Welcome to the 173rd week of Travel Photo Thursday. The semester is half over, and this week I am preparing my 200+ students for their midterm exams next week. I have no idea where the weeks have gone, and I am sure that the rest of the semester will pass in the same whirlwind fashion. This week I’m bringing you back to Chiang Mai and a sampling of the many photos I have taken in and around the city’s numerous Buddhist temples. Did you know that Chiang Mai boasts more than 300 temples?
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A statue at the base of the stupa at Wat Lok Molee. The white strings you see are used in numerous ceremonies such as holiday prayers and house blessings. The belief is that the strings transfer the blessings to each of the participants. After the ceremony they will be cut into small pieces, and attached to visitors wrists to bring good luck.
Buddhist blessing string waiting to be hung…
Buddhist water libation vessels used in blessings…
Monk bowls at Wat Phan Tao…
Monks praying at Wat Chedi Luang on ordination day…
Temple bell at Wat Phan Tao…
Lighting the candles on Macha Bukha Day at Wat Phan Tao…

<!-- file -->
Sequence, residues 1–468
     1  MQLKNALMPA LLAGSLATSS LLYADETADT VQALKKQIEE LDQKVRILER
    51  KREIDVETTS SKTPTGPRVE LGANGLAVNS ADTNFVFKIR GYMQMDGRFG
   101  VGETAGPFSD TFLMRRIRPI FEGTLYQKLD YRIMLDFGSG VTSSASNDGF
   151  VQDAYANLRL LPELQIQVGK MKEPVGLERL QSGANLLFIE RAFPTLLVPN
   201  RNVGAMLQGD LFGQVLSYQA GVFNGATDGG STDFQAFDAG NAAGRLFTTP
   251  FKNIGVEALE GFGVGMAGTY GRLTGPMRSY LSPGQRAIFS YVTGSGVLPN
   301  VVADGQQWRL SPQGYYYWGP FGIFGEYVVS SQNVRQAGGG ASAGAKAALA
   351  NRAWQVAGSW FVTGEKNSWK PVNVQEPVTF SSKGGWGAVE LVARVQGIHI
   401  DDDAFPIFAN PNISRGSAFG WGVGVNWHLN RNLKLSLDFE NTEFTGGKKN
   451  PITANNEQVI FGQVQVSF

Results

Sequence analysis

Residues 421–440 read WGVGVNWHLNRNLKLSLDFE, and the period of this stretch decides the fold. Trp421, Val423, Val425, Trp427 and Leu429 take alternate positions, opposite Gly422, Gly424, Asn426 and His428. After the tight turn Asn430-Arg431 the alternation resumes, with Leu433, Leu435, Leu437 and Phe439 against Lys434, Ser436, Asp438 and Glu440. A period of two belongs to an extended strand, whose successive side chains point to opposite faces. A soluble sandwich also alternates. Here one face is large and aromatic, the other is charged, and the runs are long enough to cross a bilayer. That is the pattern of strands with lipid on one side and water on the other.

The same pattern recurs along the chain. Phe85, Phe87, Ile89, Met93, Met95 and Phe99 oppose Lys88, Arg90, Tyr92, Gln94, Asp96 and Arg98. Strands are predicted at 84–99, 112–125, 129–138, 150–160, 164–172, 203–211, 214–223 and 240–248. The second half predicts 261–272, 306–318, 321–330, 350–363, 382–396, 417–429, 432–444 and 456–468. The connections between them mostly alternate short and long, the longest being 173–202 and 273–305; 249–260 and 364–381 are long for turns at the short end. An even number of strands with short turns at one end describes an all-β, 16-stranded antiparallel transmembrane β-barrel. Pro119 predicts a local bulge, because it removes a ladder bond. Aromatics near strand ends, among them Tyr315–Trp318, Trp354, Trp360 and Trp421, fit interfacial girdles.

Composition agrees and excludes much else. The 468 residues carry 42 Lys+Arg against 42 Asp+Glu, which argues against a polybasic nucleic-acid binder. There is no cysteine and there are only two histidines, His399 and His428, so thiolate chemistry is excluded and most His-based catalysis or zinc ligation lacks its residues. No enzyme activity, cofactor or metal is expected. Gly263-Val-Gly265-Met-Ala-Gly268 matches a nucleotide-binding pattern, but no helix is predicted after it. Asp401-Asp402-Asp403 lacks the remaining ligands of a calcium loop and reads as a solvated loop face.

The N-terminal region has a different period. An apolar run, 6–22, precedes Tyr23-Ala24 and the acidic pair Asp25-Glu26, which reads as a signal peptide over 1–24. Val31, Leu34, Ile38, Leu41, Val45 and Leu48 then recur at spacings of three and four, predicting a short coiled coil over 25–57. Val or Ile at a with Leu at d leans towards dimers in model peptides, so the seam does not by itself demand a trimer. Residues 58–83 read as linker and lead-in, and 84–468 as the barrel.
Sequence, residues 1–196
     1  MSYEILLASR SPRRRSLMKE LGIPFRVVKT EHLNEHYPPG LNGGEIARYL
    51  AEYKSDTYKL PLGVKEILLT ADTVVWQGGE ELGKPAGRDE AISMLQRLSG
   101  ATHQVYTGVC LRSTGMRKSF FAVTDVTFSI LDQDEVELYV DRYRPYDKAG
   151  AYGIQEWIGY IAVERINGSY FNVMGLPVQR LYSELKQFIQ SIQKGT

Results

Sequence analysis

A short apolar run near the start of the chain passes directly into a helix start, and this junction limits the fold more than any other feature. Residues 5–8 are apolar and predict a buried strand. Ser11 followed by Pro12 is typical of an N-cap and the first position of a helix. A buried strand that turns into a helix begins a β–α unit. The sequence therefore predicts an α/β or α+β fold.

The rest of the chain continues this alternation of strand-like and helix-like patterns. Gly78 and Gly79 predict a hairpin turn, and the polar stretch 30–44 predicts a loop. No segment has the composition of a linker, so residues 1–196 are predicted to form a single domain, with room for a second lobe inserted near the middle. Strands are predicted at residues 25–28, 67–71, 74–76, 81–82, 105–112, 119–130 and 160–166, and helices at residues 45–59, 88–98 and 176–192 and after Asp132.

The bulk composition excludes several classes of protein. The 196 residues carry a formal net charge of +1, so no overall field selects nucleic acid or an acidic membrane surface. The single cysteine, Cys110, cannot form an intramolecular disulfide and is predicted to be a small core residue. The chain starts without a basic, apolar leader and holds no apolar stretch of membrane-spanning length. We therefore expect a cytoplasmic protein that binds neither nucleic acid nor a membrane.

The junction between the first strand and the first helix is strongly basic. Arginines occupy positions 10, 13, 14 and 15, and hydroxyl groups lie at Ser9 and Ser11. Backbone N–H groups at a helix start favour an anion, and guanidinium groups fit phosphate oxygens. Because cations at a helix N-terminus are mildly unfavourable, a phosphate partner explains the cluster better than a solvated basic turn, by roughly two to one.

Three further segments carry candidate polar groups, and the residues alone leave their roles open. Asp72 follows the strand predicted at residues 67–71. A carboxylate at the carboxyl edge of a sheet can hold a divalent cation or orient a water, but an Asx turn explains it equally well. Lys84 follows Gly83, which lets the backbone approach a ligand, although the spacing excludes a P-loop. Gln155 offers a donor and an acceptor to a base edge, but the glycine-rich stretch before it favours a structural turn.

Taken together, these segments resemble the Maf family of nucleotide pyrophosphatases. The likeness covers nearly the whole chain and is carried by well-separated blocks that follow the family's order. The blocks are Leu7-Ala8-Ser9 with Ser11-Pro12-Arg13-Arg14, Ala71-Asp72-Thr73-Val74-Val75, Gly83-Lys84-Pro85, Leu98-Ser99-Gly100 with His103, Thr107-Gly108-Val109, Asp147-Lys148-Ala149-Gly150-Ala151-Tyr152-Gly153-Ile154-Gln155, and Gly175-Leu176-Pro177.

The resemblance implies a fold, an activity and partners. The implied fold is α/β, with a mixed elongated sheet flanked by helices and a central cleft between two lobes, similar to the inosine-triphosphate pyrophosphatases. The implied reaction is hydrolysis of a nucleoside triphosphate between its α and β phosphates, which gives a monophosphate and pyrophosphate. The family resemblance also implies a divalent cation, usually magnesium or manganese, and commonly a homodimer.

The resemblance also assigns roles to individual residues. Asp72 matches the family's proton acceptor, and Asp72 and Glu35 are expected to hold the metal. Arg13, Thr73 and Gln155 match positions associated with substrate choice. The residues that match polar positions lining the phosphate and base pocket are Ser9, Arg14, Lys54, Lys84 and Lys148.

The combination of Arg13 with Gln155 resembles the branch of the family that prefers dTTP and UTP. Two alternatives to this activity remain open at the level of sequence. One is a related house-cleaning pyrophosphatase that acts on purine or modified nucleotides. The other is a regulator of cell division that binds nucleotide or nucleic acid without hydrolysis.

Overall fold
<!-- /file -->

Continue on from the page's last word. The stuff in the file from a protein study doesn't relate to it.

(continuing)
Macha Bukha Day celebrates the day when 1,250 monks spontaneously came together to pay homage to the historical Buddha.
Preparing to honor the Buddha on Macha Bukha Day at Wat Phan Tao…
The monks are very welcoming, and entrance to all of Chiang Mai’s temples is free. However, you will come across numerous donation boxes throughout the temple complexes. To give or not to give is your choice. Temples are usually open from sunrise. Many close at 6pm. However, some of the bigger temples, like Wat Chedi Luang, usually stay open into the evening. Do dress appropriately. Women should cover their shoulders and knees. Men must wear shirts. Shoes must be removed before entering.
The date of Macha Bucha day is based on the lunar calendar, usually in January or February. If you want to experience this celebration, be sure to check the date well in advance.
This is the 173rd edition of Travel Photo Thursday. You can browse the archives here.
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